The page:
The most common definition of a recession is a fall in real (inflation-adjusted) gross domestic product for two or more quarters in a row.
Economists disagree on what constitutes a recession. The most common definition is a fall in real (inflation-adjusted) gross domestic product the standard wealth measure for an economy for two or more quarters in a row. Others argue that depth, rather than duration, is the key, and look for a "significant decline in economic activity", using indicators such as jobless data.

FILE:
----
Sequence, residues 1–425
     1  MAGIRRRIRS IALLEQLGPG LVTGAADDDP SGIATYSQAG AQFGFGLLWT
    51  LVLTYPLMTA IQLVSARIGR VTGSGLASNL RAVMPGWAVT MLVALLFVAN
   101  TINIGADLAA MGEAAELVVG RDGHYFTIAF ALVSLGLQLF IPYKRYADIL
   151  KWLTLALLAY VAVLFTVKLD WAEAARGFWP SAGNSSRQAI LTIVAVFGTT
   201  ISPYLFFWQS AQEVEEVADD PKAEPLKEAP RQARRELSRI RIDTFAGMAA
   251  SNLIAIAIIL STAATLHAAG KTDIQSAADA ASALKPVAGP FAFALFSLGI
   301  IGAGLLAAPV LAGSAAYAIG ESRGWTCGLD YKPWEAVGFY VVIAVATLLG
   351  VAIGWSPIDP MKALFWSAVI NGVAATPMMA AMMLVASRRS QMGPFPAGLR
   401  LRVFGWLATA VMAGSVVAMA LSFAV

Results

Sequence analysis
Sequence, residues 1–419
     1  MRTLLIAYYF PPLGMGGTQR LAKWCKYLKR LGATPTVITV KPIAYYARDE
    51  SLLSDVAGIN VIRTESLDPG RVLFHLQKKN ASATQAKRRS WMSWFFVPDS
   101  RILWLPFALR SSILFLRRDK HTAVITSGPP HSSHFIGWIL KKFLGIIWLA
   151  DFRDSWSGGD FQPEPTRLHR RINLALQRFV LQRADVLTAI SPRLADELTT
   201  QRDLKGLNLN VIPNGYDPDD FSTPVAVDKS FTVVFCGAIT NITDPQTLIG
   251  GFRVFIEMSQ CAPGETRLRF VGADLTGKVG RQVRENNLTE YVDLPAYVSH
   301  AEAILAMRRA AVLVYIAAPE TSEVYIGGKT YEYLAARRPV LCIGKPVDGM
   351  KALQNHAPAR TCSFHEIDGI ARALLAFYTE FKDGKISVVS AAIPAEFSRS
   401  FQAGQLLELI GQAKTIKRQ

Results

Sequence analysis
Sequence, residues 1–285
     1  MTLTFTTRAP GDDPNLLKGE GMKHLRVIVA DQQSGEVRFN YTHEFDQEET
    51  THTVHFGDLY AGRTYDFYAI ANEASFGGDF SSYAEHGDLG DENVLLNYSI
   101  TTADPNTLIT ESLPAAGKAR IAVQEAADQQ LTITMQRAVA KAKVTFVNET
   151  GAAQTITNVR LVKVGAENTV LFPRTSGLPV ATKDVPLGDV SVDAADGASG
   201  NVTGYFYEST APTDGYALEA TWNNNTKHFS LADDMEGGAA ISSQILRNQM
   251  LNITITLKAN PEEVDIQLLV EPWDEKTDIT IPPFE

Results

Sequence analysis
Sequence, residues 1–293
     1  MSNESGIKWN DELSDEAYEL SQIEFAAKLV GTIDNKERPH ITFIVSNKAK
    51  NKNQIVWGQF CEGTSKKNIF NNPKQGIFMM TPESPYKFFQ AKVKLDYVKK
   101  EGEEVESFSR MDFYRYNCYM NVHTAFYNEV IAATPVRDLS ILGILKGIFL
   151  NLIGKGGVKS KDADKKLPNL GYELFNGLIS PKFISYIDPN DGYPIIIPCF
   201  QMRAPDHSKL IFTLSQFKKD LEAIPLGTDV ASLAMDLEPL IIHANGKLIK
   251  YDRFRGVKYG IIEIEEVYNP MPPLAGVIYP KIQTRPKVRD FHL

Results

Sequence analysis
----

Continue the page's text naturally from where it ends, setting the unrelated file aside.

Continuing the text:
Quarterly GDP data can also be subject to substantial revisions, so using monthly data from a range of sources gives a more timely view.The National Bureau of Economic Research uses business activity. Its research suggests recessions last about a year and occur after business activity peaks and starts to fall, but before it bottoms out.